"Diet food can be better, richer, and more sumptuous than most everyday foods," says Dr. Robert Atkins, author of the massive bestseller, Dr. Atkins' New Diet Revolution
. Carbohydrates, in his opinion, are the root of metabolic evil and the source of hyperinsulinemia, a condition that makes it next to impossible to lose weight. Billed as a companion to his Diet Revolution
book, this collection of recipes focuses on ultralow-carbohydrate dishes. His anticarb stance leads to some unconventional dietary advice: "Remember that, as a rule, the lower the fat content of a milk product, the higher its carbohydrate grams. Use cream, not skim milk; use sour cream, not yogurt."
While these recipes are certainly quick and easy to prepare and feature easy-to-find ingredients, some are very high in fat (Zabaglione, Crab and Avocado Salad, Ham and Cheese Sandwiches, Baked Eggs in Bacon Rings). While it may be true that fat is flavor and is necessary to some extent to keeping blood sugar on an even keel, these recipes won't be helpful for those who are watching their cholesterol or are on similarly restricted diets.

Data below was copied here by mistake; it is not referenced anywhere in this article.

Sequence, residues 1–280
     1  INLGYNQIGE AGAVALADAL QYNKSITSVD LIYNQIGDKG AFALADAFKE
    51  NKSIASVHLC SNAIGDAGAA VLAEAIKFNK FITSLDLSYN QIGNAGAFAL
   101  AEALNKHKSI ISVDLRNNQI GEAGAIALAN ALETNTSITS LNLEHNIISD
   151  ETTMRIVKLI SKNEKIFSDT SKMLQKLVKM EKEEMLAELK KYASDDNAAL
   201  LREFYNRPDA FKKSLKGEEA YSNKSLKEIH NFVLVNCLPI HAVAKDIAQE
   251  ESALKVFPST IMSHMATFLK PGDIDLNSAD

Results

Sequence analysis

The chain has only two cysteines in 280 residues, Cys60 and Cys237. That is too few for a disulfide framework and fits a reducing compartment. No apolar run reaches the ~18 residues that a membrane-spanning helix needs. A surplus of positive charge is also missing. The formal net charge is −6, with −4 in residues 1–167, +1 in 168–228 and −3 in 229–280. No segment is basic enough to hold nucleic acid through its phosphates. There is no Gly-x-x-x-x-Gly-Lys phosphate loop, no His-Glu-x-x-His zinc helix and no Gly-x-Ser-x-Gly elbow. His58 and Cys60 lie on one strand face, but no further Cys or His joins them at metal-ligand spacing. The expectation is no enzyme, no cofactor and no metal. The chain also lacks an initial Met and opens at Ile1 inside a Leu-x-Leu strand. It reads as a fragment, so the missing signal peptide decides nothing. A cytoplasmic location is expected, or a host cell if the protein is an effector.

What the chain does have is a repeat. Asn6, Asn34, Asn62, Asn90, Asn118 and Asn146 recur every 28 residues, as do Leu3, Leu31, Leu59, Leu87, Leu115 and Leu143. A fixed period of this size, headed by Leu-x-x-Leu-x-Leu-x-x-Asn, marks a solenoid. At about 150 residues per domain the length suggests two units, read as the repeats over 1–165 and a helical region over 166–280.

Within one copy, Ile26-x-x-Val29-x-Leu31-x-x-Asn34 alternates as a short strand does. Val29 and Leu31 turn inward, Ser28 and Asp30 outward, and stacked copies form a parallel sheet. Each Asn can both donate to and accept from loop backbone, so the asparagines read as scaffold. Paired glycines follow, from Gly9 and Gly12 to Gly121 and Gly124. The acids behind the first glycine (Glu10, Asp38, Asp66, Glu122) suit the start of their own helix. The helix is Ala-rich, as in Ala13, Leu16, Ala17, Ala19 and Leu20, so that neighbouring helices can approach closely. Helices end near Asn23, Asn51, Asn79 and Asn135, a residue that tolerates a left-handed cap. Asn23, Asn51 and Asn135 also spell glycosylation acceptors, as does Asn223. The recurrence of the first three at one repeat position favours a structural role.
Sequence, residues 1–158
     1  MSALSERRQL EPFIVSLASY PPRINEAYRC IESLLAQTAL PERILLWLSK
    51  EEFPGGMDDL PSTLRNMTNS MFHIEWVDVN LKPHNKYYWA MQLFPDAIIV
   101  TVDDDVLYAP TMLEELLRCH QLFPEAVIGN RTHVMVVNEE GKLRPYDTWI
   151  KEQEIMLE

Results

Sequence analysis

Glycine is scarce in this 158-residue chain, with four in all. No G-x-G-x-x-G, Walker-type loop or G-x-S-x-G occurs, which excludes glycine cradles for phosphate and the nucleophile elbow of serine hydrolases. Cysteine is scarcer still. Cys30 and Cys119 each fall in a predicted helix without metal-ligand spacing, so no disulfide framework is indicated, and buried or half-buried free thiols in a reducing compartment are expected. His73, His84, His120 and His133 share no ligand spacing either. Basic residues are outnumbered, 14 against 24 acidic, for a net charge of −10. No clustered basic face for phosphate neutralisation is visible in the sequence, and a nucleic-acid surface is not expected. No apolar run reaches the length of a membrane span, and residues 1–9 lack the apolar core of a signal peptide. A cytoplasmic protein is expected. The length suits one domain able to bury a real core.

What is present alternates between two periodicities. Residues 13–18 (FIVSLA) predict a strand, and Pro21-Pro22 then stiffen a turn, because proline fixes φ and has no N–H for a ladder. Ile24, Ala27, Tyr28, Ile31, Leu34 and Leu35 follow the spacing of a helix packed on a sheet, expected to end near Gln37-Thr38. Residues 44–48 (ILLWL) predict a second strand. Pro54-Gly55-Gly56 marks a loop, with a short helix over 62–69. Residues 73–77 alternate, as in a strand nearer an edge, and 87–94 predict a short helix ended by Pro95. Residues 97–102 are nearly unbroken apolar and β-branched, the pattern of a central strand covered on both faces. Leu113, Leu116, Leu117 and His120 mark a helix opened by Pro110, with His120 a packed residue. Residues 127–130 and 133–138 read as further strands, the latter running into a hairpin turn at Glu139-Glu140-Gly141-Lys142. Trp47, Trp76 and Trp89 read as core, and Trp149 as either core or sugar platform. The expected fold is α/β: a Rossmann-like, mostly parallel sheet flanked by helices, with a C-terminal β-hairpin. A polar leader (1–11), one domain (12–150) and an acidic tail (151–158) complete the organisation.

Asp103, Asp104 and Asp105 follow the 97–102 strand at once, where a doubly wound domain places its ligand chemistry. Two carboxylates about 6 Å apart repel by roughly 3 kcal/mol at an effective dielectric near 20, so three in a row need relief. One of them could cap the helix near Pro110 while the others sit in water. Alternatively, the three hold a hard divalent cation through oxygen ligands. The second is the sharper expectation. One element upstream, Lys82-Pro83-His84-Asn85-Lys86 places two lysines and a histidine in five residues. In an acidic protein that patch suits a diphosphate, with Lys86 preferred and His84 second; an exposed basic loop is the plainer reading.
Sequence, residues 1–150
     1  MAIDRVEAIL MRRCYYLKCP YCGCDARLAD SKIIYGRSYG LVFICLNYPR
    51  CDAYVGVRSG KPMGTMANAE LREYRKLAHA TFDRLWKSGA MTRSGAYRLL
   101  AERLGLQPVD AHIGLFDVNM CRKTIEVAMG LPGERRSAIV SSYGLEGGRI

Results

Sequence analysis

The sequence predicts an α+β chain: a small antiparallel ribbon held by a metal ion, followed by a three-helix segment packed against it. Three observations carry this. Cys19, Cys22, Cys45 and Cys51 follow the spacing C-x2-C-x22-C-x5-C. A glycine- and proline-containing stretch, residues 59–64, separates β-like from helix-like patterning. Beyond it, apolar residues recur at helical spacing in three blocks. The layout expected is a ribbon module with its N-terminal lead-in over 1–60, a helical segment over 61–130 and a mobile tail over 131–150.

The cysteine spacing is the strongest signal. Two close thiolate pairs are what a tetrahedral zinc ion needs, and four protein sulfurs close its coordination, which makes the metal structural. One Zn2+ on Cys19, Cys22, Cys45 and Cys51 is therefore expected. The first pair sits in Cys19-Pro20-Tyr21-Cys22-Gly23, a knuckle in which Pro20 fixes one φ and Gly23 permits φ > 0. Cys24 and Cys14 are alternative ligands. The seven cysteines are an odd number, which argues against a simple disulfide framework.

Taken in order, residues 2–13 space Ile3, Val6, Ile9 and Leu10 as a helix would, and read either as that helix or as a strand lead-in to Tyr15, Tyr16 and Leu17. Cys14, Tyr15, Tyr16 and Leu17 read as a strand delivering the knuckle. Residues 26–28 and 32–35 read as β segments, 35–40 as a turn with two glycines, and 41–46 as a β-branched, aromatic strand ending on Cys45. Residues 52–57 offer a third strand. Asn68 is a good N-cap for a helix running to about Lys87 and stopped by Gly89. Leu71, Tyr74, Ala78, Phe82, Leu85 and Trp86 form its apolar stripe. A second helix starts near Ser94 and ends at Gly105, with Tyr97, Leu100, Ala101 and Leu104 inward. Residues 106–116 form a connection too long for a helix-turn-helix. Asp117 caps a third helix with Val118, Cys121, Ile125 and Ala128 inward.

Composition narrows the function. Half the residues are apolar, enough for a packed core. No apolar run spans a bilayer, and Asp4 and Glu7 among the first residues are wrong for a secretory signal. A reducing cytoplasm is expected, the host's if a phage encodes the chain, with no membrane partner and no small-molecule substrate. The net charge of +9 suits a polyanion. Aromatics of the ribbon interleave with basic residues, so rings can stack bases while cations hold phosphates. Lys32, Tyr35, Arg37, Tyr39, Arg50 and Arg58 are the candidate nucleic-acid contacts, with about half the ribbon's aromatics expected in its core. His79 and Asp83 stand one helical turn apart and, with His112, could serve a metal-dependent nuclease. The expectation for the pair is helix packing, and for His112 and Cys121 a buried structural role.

To readers of celebrity and/or health and beauty magazines, Dr Atkins and his low-carbohydrate diet are as familiar as Audrey Eyton and her low-fat F-Plan diet were in the early 1990s. The main difference between them is that nutritionists were able to endorse the F-plan, with its emphasis on vegetables and fibre, as a healthy way of eating regardless of whether weight loss was the desired objective, whereas the official health view seems to be more ambivalent about the benefits of Dr Atkins's so-called New Diet Revolution, with its high-fat, high-protein, low-carbohydrate regime, and its assertion that it is better to cook with cream than with skimmed milk. That said, anything that helps to ameliorate the effects of the obesity epidemic sweeping the West certainly has to be a good thing, and Atkins is not short of celebrities queueing up to endorse his system, which offers sumptuous food of a quality that probably means the dieter is more likely to stick to the regime. His wife, Veronica, provides the low-carbohydrate recipes you will find here, all easily prepared in 30 minutes or less and all of which, it must be said, sound delicious and unlike any diet food you will ever have tried before. Imagine a dinner of artichoke hearts wrapped in bacon, followed by pork tenderloin medallions with soured cream and dill, with a dessert of chocolate butter cream, or baked goat's cheese and ricotta custards followed by steak au poivre and zabaglione, and you can see how people are attracted to the idea of this no-deprivation diet. Atkins runs through some of the principles behind his carbohydrate-free regime at the beginning of the book, but to understand properly the principles behind it one would probably have to read this in tandem with the two earlier books. There is no denying, however, that most of the recipes sound quite delicious and simple, and if this diet works for you, then that can only be a good thing. (Kirkus UK) --na